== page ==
Jill Sederstrom is a Contributing Editor
Diets that involve fasting could impair the action of insulin and increase the risk of developing diabetes.
Fasting diets could increase the risk of diabetes, according to data presented at the European Society of Endocrinology's annual meeting.
Researchers, led by Ana Bonassa and colleagues from the University of Sao Paulo, Brazil, found that fasting every other day in an effort to lose weight actually impairs the action of insulin and, in turn, may increase the risk of developing diabetes.
"This is the first study to show that, despite weight loss, intermittent fasting diets may actually damage the pancreas and affect insulin function in normal healthy individuals, which could lead to diabetes and serious health issues," Bonassa says in a statement from the society.
Intermittent fasting diets have gained popularity as a way to lose weight while still eating regularly onmost days. Several celebrities such as Jimmy Kimmel and Hugh Jackman have reported using a type of fasting diet to shed pounds, but researchers have questioned the safety of these diets.
To learn more, Bonassa and colleagues studied the impact fasting every other day has on body weight, free radical levels, and insulin function in healthy adult rats. The rats were studied over a three-month period.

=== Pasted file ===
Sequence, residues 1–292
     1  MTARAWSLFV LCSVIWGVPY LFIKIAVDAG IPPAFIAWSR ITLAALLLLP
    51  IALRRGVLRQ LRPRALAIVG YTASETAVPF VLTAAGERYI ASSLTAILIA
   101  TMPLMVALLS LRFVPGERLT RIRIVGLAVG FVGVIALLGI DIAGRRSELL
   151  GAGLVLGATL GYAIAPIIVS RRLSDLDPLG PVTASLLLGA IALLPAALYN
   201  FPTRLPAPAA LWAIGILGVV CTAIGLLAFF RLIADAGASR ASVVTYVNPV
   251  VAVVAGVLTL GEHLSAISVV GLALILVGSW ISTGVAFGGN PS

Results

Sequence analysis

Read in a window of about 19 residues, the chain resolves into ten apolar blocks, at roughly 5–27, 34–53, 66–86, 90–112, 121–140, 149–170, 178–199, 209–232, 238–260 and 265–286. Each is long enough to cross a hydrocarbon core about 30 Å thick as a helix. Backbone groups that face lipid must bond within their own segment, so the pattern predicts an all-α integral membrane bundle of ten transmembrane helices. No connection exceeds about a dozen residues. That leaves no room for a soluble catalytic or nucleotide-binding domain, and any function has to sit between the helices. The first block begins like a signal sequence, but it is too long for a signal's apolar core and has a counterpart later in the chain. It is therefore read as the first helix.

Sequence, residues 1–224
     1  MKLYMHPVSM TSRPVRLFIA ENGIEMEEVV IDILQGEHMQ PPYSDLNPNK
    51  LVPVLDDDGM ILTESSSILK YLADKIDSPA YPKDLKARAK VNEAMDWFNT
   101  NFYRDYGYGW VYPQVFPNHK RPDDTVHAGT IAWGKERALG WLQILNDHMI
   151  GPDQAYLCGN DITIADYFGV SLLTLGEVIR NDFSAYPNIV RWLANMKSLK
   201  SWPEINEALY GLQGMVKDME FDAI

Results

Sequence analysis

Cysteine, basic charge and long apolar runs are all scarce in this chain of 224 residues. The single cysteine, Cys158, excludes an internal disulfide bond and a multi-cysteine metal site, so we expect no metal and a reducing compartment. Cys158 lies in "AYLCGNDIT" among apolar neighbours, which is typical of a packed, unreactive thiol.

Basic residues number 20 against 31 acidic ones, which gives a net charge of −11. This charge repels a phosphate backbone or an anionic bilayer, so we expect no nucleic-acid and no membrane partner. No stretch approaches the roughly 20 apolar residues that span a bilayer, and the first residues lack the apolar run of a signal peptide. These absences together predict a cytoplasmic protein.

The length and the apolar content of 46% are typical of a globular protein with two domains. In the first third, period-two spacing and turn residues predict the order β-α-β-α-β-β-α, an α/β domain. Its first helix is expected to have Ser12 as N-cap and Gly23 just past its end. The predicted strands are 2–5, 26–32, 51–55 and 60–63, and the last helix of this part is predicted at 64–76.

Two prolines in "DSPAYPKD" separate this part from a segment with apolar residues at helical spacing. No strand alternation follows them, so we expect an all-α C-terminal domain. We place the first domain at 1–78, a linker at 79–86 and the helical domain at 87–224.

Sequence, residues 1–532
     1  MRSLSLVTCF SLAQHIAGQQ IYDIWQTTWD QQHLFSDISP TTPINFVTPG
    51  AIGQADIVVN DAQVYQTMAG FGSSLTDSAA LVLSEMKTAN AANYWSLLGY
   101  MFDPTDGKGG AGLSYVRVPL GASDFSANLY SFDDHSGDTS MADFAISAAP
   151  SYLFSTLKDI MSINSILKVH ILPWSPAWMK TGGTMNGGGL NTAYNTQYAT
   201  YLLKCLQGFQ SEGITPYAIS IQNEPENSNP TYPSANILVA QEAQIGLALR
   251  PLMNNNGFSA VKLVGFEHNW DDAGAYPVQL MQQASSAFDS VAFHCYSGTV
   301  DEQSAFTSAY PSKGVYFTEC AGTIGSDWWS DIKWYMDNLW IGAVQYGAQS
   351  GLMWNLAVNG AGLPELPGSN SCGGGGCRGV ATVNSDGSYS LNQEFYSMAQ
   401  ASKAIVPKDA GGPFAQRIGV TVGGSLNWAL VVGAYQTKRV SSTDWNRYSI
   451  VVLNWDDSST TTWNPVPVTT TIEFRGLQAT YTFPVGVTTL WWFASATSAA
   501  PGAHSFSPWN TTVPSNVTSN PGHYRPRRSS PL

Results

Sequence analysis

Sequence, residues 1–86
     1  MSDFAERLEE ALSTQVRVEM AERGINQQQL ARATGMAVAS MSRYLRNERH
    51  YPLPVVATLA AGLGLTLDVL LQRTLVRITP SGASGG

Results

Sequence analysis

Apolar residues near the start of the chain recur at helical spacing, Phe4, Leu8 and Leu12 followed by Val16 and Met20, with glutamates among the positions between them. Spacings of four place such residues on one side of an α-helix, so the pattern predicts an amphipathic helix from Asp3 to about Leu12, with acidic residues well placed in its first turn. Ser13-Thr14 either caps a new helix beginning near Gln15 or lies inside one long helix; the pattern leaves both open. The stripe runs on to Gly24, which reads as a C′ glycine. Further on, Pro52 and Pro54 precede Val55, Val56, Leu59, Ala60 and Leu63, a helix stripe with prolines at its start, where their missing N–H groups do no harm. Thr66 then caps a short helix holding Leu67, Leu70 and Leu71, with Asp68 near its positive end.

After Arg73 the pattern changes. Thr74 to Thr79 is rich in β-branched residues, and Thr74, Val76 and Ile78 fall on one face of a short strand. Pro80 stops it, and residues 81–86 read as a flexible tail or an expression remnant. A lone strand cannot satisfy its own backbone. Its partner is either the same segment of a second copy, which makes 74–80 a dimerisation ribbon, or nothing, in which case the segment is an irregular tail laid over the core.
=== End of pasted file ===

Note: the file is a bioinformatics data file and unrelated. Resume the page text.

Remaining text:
Researchers found that the amount of fat tissue in the abdomen in the rats increased during the study period and cells of the pancreas that release insulin had been damaged. They also noted markers of insulin resistance were present and the free radical levels had increased in study subjects, according to the release.
This study was conducted on animals; however, researchers believe it could have important implications for humans, particularly those who already have metabolic concerns.
"We should consider that overweight or obese people who opt for intermittent fasting diets may already have insulin resistance, so although this diet may lead to early, rapid weight loss, in the long-term there could be potentially serious damaging effects to their health, such as the development of type-2 diabetes," Bonassa says.
According to the American Diabetes Association, 30.3 million Americans had diabetes in 2015. Diabetes was also the seventh leading cause of death in the United States in 2015 and has been linked to $327 billion in total costs in the United States in 2017.